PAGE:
A short sabbatical from the industry felt right. Baker took Starlet, nearing the end of its festival run, to the New Zealand Film Festival, where he spent two weeks watching low-budget films of a different provenance. “They lit a fire in me: ‘Maybe I should just hunker down and do one more of these.’” So, settling his energies onto a West Hollywood-set script he was developing with co-writer Bergoch, Baker put in a call to the self-proclaimed Robin Hood of independent film—Mark Duplass.

Tangerine’s Fairy Godparents

“I was on the jury at the Woodstock Film Festival in 2008 when Prince of Broadway played,” says Duplass, “and I fell in love with the movie, and began stalking Sean in the hopes of working with him.”

Lucky Baker. Many a moviemaker would love the attention from Duplass and his brother, Jay, indie producers of the moment. Discerning, hands-off, with the clout and connections to shepherd a project across the finish line, the pair channel the earnings from their own work into nurturing others.’ (In news that surprised no one, they produced three films that premiered at Sundance in 2015—besides Tangerine, Patrick Brice’s The Overnight and Brian Buckley’s The Bronze. All three were quickly acquired.)

“When he came to me with Tangerine I knew immediately it was the one. I spoke with Jay, and Marcus and Karrie Cox [the husband-and-wife team behind Through Films, whose recent productions include Ross Katz’s Adult Beginners]. We greenlit the movie in 24 hours from our own pockets.”

Tangerine’s non-commercial elements were “exactly what we loved about it,” says Duplass. “We were all ready to lose money on this if need be.”

This was good news for Baker and gang, surprised as they were to be diving willfully into another microbudget at this stage in their careers. “This was my fifth feature,” says Baker. “I couldn’t pull all those favors again.” Even with enthusiastic producers, Tangerine’s budget was, in fact, half the budget of Starlet, and this wasn’t exactly the easiest pill to swallow. “No matter how much you try to sugarcoat it, in this industry where money is everything, cutting your budget in half after making a well-received film felt like I was failing.”

Still, once more unto the breach, with backers who believed wholeheartedly in the project and weren’t shy about showing it. “They ran out of money at one point,” says Duplass. “I could hear the anxiety in their voices before they even asked. I said, ‘How much?’ We cut them the check the next day. I know how stressful it is to have shitty financiers, and I was so happy to make it easy on them.”

Looking for Hearts of Gold

If Tangerine’s financing fell into place with unusual alacrity, its screenplay was years in the making. Writing partners since meeting at NYU, Baker and Bergoch had originally envisioned their previous collaboration, Starlet, to be, as Bergoch puts it, “very cinéma vérité, with almost no plot at all.” While that film quickly developed a narrative trajectory—the protagonist becoming a young porn actress Jane (Dree Hemingway) who forms an unlikely friendship with 85-year-old widow Sadie (Besedka Johnson)—that initial seed, of a 24-hour Los Angeles odyssey, lodged in the writers’ minds.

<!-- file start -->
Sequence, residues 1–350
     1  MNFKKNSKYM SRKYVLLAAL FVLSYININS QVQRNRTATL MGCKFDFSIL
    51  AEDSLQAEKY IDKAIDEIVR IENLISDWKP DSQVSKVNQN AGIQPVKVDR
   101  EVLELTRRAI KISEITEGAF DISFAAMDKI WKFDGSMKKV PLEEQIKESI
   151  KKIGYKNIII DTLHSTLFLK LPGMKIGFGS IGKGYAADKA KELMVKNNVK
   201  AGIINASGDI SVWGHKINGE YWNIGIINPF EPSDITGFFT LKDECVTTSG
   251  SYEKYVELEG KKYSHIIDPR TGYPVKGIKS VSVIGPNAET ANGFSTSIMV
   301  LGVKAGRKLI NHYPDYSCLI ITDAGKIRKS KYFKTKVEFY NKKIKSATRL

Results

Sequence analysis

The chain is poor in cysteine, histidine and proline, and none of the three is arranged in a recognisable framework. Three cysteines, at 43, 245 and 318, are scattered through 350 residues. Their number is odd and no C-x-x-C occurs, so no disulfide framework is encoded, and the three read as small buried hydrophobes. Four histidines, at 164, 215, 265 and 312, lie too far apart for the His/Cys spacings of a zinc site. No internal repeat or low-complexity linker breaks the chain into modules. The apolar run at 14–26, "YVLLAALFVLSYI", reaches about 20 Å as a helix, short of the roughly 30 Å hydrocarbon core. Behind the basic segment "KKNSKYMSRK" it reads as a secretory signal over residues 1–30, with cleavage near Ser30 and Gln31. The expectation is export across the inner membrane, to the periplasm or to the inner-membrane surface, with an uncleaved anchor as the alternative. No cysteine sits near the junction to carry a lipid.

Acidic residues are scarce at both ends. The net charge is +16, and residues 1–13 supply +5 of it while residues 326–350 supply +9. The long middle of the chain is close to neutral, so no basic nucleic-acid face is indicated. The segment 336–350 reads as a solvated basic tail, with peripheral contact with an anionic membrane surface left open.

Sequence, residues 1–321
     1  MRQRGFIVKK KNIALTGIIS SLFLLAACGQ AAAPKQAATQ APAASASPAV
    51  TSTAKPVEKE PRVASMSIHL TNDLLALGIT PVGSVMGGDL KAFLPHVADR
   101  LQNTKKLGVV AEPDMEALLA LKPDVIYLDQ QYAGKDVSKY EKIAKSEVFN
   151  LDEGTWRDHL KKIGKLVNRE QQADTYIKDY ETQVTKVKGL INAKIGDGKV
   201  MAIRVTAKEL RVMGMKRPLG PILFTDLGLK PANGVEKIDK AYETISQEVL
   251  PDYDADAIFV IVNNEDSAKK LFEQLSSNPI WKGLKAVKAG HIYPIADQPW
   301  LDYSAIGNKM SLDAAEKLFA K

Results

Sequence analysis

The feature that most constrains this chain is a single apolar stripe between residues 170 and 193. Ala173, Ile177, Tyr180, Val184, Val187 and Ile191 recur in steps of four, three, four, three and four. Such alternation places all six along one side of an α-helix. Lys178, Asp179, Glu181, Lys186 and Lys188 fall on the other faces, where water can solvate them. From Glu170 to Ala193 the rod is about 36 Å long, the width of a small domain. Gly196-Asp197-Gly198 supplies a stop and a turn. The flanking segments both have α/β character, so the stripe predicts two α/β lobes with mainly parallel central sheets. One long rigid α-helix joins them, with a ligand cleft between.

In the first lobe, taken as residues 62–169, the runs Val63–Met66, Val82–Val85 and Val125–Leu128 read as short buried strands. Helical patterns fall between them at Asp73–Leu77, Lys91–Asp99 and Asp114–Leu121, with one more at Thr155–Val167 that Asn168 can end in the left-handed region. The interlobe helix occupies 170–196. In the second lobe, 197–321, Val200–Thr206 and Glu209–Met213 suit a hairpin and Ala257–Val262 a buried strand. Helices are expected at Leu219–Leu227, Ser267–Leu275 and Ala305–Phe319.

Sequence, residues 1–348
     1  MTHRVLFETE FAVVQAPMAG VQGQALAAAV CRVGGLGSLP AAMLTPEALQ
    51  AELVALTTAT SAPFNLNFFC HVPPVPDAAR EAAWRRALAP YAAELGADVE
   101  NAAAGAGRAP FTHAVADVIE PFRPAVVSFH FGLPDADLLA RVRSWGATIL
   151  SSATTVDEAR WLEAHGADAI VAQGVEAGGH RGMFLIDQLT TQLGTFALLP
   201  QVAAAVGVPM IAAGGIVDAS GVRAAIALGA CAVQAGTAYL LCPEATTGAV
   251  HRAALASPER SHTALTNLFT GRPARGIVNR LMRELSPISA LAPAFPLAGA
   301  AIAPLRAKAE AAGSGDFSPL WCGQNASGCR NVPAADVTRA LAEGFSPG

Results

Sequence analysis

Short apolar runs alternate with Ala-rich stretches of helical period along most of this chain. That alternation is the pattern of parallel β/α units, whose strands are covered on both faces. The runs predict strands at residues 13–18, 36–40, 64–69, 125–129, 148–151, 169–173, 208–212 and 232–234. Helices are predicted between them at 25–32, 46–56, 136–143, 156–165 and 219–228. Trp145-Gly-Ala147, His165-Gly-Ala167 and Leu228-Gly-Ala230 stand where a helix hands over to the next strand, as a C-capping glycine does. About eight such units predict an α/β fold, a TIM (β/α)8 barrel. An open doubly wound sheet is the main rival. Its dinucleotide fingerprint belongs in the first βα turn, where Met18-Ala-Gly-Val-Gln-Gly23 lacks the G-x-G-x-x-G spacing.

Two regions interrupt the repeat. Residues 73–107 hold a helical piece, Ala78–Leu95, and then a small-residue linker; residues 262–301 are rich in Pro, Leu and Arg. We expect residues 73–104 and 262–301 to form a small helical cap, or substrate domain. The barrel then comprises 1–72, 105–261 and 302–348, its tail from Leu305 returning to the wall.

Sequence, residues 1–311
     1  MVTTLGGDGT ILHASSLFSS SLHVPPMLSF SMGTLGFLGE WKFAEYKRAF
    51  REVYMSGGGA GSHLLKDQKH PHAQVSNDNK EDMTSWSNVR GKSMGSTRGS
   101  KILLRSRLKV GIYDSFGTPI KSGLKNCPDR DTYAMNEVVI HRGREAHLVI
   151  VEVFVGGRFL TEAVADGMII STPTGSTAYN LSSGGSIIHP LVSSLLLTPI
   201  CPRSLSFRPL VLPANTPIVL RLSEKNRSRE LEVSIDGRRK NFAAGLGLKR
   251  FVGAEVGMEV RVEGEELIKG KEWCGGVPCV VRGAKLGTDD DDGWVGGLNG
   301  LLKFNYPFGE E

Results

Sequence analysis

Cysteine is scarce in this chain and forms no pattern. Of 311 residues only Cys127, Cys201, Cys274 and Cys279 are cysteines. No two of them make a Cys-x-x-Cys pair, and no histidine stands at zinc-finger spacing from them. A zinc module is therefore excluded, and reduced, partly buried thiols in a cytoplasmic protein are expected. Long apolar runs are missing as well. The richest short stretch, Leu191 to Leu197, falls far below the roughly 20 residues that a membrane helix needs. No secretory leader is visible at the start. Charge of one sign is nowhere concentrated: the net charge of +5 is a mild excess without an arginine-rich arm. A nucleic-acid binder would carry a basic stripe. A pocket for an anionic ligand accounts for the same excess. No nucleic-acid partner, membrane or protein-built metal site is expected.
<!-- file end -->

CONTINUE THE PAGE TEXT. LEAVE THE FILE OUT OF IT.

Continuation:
Besedka Johnson and Dree Hemingway between takes on Starlet, 2013

Besedka Johnson and Dree Hemingway shooting Starlet (2012), set in the San Fernando Valley. Courtesy of Music Box Films

“We both lived in West Hollywood, says Bergoch, “and noticed that the area around Santa Monica Boulevard and Highland Avenue was the stage for all this down-and-dirty drama. Sean eventually said, ‘We have to make a movie around that area.’” In the fall of 2013, frustrated by the slow movement of their other ideas-in-progress—including a mainstream script-for-hire that was stalling—the pair launched a research investigation into their own backyard.

“It was just about hitting the pavement, getting to know the girls on the streets, and getting them to trust us,” says Baker. “Starting conversations and having coffee. Thank god I had a body of work to show them—I would hand out my DVDs.”

One such recipient of the Baker filmography: Mya Taylor from Houston, an aspiring singer-actress who had just started her transition. The pair encountered Taylor at the Los Angeles LGBT Center and was drawn to her openness. “She had a lot of friends getting rehabilitated at the center and she’d tell us their stories,” says Bergoch. The anecdotes ran the full, horrifying gamut: working girls being doused with gin and urine, being hit by cars and shot at, being robbed and robbing each other in return.

Taylor plays the streetwise Alexandra in Tangerine

Mya Taylor plays the streetwise Alexandra in Tangerine

Taylor trusted the affable, earnest pair on the spot. “They were very sweet. I felt like they were the real thing. They didn’t seem fake or shady—and with the life I come from, I know what that is.” She introduced them to her roommate, Rodriguez, a blonde maelstrom of energy from the San Fernando Valley who had studied acting and was herself involved in the LGBT center’s programs.

Between Rodriguez’s impetuous, rapid-fire frankness and Taylor’s wry dignity, the moviemakers saw comic gold—and the relationship at the heart of Tangerine. “Like all dynamic duos, you have the one that’s out of control and the one who reacts,” says Baker. “Mya was our straight man—not in terms of orientation,” he hastens to add, “the term ‘straight man’—and it’s what I saw in our characters.” (Tellingly, Rodriguez responded to the brash, streetwise humor of Prince of Broadway, while Taylor loved the reserved and poignant Starlet.)